Andy Meeks has an idea that will restructure the way meal plans have been managed the past few years.
Meeks, director of business operations, spoke at the Student Government Association meeting Jan. 26 about the possibility of switching residential meal plans from the traditional way it has been for the past 50 or 60 years.
‘What we are talking about is moving from traditional meal plans to moving to a retail environment,’ Meeks said.
He added that each meal plan has a number of options and that ‘it’s like buying car insurance.’
‘It is based off economic trending of a 4.5 percent increase for the fiscal year 2010 to 2011,’ Meeks said.
Vice President of Public Relations Tracy Osborne brought up the concern that she is paying the same amount for meal plans but not getting the same amount of service on the weekends. She used the limited hours in Norse Commons and Callahan’s cafeteria being closed from noon Friday to Sunday as examples.
Meeks said those areas are factored into the model for the meal plans.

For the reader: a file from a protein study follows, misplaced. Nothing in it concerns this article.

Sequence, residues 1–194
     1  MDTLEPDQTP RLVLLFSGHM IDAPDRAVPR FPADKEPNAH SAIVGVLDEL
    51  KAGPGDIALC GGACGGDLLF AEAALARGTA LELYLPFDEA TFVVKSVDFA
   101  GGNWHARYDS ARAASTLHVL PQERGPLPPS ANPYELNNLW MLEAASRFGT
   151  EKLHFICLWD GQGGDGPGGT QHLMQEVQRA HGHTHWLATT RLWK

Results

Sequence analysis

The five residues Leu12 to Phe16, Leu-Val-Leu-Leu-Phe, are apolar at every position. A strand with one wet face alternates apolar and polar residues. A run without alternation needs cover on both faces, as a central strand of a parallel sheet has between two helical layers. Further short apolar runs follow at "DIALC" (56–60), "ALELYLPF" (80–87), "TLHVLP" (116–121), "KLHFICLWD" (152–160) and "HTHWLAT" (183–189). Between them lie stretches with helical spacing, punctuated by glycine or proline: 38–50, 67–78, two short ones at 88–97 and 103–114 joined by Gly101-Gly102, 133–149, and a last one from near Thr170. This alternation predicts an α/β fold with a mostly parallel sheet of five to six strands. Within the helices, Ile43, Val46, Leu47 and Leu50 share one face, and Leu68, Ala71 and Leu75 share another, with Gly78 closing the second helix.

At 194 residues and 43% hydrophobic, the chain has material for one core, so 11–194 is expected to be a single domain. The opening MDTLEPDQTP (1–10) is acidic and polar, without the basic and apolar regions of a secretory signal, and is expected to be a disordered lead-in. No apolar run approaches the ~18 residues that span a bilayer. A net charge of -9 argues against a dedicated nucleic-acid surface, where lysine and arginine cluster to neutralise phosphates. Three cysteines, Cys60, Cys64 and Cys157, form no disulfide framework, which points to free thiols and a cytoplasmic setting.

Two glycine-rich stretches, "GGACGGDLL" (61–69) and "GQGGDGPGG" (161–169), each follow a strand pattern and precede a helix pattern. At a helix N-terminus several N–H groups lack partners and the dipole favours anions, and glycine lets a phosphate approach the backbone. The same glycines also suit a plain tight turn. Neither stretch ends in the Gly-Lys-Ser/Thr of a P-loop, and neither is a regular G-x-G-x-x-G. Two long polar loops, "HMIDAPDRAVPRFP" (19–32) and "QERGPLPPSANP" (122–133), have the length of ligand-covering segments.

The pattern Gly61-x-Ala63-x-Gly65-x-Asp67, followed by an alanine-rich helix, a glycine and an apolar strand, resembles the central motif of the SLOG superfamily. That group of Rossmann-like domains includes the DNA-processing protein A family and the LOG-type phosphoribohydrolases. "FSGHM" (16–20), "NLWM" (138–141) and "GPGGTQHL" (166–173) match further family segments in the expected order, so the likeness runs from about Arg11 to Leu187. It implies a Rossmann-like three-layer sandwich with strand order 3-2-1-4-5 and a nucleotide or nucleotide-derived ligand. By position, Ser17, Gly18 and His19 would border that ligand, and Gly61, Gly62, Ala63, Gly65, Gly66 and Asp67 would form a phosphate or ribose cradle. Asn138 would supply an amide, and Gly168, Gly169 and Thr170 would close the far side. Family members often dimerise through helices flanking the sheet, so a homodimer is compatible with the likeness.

‘If we change a lot in the meal plans it would cost more,’ he said.
With the new proposal, Meeks said the amount of flex dollars have doubled.
‘The flex dollars effectively double and can be used everywhere on campus,’ Meeks said.
Chartwells’ proposal that was presented to SGA in the meeting was not exactly what SGA was looking for Cronon said.
Meal transferability will allow students with meal plans to eat in the Student Union Center no matter where they reside.
President Gabe Cronon said SGA’s main priority with the proposal is to make sure Chartwells’ has a better quality of food product, consistent reliable hours of operation, ensure meal transferability in the Student Union, the overall cost per student, and to make sure Chartwells is at Northern Kentucky University for a service and not to make a profit. Meeks also touched upon a proposal that would add $2 a month in parking fees.
However, Meeks noted he would speak about it on a later date once he gets more info. Director of Housing Pete Trentacoste also briefed SGA over the possibility of increasing housing rates.
‘We seek to use a weighted average,’ he said.
Trentacoste said that the possibility of increases for next year could range from nothing to $210 per semester.
He added that there was a concern over the pricing of rooms in Callahan Hall where students were paying the same for two different sized rooms.
However, Trentacoste said the rates for standard rooms will stay the same and the rates for premium rooms will increase.